Wednesday, August 29, 2007

A Liberal’s Creed: Seeking to Narrow the Gaps

A Liberal’s Creed: Seeking to Narrow the Gaps

By Jerome Grossman

Liberalism in the United States is different from classical liberalism, American as apple pie. It draws its inspiration from the Declaration of Independence: “that all men are created equal.” Equality is the master idea, in race, wealth, and gender. Yet liberalism does not advocate the absolute economic equality implied in socialist systems, because liberalism is restrained by its advocacy of the freedom of the individual and unrestricted development in all spheres of human endeavor. Liberals do not believe it is possible to create a perfect society but that we should try to reach the ideal.
Rooted in Franklin Roosevelt’s New Deal and Theodore Roosevelt’s Progressive movement, liberalism accepts with typical American pragmatism the dominance of business interests while seeking to modify the imbalances of political, social, and economic institutions. Big government is the instrument of modification for, as Theodore Roosevelt said, “There was a time when the limitation of governmental power meant increasing liberty for the people. In the present day, the limitation of governmental power, of governmental action, means the enslavement of the people by the great corporations.”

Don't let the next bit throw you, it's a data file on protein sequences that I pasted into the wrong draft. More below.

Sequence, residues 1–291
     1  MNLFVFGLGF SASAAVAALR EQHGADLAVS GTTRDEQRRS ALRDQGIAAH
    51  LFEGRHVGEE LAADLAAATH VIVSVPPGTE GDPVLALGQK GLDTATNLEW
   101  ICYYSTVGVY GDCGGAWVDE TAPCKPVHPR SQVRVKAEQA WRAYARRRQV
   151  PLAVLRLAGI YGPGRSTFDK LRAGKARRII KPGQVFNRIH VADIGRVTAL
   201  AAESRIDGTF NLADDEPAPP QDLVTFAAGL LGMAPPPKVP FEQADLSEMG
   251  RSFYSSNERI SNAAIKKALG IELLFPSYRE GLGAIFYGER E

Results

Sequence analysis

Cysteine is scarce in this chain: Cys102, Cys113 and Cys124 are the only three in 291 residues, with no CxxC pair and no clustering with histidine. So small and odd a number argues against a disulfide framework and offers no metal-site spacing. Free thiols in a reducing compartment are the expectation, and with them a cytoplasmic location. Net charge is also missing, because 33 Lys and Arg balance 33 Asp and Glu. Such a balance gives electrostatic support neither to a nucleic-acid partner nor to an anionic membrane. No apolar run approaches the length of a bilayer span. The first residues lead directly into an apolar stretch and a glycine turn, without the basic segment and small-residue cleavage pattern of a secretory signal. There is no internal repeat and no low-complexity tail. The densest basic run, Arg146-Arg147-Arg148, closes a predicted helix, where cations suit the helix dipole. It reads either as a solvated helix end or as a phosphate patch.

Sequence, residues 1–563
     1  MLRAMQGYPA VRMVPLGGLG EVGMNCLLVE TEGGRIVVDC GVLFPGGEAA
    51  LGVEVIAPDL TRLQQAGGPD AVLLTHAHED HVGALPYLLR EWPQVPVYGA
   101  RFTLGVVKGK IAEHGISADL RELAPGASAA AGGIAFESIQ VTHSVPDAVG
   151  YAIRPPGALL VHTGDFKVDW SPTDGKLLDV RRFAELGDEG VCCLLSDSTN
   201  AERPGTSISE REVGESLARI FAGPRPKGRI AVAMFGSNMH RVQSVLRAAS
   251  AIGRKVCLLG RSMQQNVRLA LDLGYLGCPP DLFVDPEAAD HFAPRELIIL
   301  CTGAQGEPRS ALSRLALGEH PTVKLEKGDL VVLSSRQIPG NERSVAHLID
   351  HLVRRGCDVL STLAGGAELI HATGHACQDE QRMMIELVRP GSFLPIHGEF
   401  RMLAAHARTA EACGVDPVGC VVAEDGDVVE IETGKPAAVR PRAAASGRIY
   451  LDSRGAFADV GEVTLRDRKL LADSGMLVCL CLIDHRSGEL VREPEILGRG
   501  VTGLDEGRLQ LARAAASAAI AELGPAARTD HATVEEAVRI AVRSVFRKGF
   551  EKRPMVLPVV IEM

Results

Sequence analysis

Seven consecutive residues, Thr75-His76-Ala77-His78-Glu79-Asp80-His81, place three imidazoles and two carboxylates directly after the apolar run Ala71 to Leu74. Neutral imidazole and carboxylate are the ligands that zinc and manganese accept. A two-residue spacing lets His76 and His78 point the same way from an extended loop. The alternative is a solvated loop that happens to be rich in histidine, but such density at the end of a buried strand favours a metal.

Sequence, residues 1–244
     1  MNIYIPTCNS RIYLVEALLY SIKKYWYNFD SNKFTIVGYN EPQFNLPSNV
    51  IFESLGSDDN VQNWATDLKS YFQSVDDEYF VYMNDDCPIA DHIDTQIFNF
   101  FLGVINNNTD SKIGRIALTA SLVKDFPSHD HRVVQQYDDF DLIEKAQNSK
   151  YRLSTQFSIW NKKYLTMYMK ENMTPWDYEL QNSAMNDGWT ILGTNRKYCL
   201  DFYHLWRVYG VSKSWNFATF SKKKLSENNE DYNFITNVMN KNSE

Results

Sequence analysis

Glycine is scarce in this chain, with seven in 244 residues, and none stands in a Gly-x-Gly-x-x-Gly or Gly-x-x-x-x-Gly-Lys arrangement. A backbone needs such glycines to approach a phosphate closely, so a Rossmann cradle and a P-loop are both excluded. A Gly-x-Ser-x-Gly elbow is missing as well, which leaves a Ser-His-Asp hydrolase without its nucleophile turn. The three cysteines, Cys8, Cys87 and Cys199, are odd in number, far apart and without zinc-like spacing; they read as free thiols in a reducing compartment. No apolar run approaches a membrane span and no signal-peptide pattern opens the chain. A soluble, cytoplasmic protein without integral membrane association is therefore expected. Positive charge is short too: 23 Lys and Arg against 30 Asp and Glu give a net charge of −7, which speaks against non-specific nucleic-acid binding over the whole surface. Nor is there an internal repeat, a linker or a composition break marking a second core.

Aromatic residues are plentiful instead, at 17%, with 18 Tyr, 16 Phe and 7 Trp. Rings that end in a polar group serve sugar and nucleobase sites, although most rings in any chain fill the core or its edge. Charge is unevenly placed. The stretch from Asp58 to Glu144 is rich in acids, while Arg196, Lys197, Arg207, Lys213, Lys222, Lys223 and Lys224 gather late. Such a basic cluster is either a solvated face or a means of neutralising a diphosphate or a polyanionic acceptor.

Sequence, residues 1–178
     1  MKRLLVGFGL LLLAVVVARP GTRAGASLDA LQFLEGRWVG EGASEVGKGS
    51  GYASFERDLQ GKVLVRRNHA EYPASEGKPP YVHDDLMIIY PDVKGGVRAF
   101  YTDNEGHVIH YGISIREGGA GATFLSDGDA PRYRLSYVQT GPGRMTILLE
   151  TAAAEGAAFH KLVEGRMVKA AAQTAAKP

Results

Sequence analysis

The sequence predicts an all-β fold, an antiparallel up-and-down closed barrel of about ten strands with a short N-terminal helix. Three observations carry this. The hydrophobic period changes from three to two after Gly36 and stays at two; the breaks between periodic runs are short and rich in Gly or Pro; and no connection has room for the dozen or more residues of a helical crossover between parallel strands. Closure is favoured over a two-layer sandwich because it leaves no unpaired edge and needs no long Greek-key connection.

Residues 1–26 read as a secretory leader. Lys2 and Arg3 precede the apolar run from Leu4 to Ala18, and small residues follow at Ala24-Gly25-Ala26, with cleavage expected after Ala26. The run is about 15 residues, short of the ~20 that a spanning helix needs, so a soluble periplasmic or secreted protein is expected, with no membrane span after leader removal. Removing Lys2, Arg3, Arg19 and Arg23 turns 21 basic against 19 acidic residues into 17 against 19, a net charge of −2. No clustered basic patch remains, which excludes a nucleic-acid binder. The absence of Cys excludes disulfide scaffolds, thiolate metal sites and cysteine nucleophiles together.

However, liberals are also wary of big government, unwilling even for the goals of equality to sacrifice the protection of individual rights, the rule of law, and personal freedoms. It is this tension between two objectives that makes it so demanding to be an American liberal: eternal vigilance is required.
Liberals know that absolute equality can never be achieved. But, optimistic believers in the essential goodness of humanity and in human rationality, they promote change that will allow the aggressive and the talented to benefit from their efforts while promoting reforms that will minimize the differences in benefits, thereby cutting the equality gap.
The motivations are moral and pragmatic: moral in that equality reflects our communitarian heritage and love for all human beings; pragmatic in the sense that inequality spawns revolution and crime.
While conservatives are by definition the party of the status quo, they demonstrate by their actions a realization of the moral and pragmatic problems. Their answer is private charity to relieve the pressures generated by economic inequality, and political tokenism to make up for the differences in power.
For liberals, the conservative answer is insufficient. Only the government, as the instrument of the entire nation, should be responsible for providing the minimum conditions necessary for a decent existence. These conditions include not only adequate food, clothing, and shelter, but also education and employment.
The growth of industrial society has produced great inequalities of wealth and power. Liberalism insists that it is in the interests of all parties to narrow the gaps. This is American pragmatic idealism at its best: right and practical at the same time.


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